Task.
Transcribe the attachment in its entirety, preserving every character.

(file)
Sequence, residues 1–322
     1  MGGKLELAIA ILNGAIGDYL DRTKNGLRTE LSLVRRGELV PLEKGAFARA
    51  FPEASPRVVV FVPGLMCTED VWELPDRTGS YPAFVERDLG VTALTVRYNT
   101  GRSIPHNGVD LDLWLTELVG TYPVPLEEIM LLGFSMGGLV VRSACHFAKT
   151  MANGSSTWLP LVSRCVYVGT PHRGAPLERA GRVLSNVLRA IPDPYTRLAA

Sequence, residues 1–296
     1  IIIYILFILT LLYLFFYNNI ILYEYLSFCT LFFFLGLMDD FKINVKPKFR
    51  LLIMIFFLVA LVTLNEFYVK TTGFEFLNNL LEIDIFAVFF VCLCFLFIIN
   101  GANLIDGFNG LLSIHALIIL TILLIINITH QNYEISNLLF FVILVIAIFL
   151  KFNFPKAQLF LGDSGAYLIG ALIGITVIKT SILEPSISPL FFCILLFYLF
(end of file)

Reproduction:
Sequence, residues 1–322
     1  MGGKLELAIA ILNGAIGDYL DRTKNGLRTE LSLVRRGELV PLEKGAFARA
    51  FPEASPRVVV FVPGLMCTED VWELPDRTGS YPAFVERDLG VTALTVRYNT
   101  GRSIPHNGVD LDLWLTELVG TYPVPLEEIM LLGFSMGGLV VRSACHFAKT
   151  MANGSSTWLP LVSRCVYVGT PHRGAPLERA GRVLSNVLRA IPDPYTRLAA

Sequence, residues 1–296
     1  IIIYILFILT LLYLFFYNNI ILYEYLSFCT LFFFLGLMDD FKINVKPKFR
    51  LLIMIFFLVA LVTLNEFYVK TTGFEFLNNL LEIDIFAVFF VCLCFLFIIN
   101  GANLIDGFNG LLSIHALIIL TILLIINITH QNYEISNLLF FVILVIAIFL
   151  KFNFPKAQLF LGDSGAYLIG ALIGITVIKT SILEPSISPL FFCILLFYLF